Staggering Waste

While failure to replace batteries in a timely manner can be viewed as an individual problem, the successful replacement of batteries is a global one. Each year, Americans throw away more than 3 billion batteries, totaling 180,000 tons of hazardous waste, according to environmentalist groups. According to EnABLES, an EU-funded project whose mission is to “make batteries outlive the devices they power,” nearly 80 million batteries powering IoT devices will be discarded every day by 2025, if no alternatives arise. That number is even greater according to Mike Hayes, head of ICT for energy efficiency at the Tyndall National Institute in Ireland, who projects that, “in the trillion sensor world predicted for 2025, we are going to be throwing over 100 million batteries everyday into landfills” unless we find a longer-lifespan solution.

An Alternative Solution to Batteries

To meet IoT device deployment projections, reap the benefits of this sprawling connectivity, and capitalize on a massive market, we must find a way to sustainably power trillions of wireless endpoints. Simply designing batteries with longer lifespans is one option, although that will still end with dead batteries in landfills. Rechargeable batteries are another option, though this simply swaps maintenance for replacement; the owner still has to do something. In both of these cases, the issues of power delivery style and device design constraints go unaddressed. To truly address the trio of problems presented by batteries to wireless devices and their designers, we need to move onto a new method of power supply. Fortunately, the energy we need is already available all around us.

Kinetic Energy Harvesting

As solar panels, wind turbines, and hydroelectric dams prove, energy is available for us as long as we have the technology to capture it. At the small-scale device level, the sun, wind, or water require too much infrastructure to provide enough power at the low target costs and small sizes required, but we can rely on something else: motion.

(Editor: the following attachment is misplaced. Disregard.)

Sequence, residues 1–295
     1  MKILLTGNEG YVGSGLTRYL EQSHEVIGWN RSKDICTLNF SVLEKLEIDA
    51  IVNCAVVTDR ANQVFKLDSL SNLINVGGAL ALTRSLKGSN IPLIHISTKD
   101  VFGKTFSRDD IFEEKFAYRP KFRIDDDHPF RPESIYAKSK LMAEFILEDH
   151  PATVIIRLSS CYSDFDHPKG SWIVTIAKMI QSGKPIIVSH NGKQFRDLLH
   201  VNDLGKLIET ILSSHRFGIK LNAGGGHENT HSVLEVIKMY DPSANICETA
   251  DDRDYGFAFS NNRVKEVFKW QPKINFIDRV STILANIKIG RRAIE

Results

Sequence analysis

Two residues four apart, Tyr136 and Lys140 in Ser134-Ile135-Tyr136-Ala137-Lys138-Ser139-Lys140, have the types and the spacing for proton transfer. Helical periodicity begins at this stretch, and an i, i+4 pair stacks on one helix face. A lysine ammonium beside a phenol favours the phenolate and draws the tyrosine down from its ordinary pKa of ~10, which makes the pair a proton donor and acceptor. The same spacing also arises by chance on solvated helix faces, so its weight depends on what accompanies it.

Instead of sun, wind, or water, the patented WePower energy harvesting process involves electromagnetic induction wherein a kinetic force, like the push of a button or the roll of a wave, moves a small magnet through a metal coil. In adherence to Faraday’s Law, this action creates an electromagnetic charge, which is enough to power a data transmission. The more efficient the energy capture and conversion, the larger the charge. The larger the charge, the greater the range, reliability, and functionality of the data transmission.

WePower has designed our proprietary Gemns EHGs to harvest energy more efficiently and produce an energy output measuring in the millijoule range, which at least 40 times more than other kinetic energy harvesting technologies producing energy outputs in the microjoule range. Our higher energy output can enable greater RF range and reliability, larger packet sizes, longer message length, increased I/O capability, increased microcontroller functionality, and the possibility for bidirectional operation with computation at the edge.

Energy harvesting is not necessarily a new concept to the wireless device industry but innovations in electromagnetism, microelectronics, power conversion circuitry, and nano- and pico-power technology have only recently reached the point where kinetic energy harvesting components represent a viable alternative to battery power for small-scale IoT devices. Their reliance on their surroundings means they don’t need recharge or regular replacement, and their lifespans can last millions of activations. In fact, Gemns EHGs have been tested for up to 1 million actuation cycles of durability and can easily be adapted in design to suit application-specific requirements for packaging integration and energy requirements.

We have a long way to go before batteries are phased out from our IoT devices, but if we want to speed up deployment, we need to strip out the things holding back device performance, design, and sustainability. That means saying goodbye to energy from batteries and instead sourcing it from the devices’ own surroundings.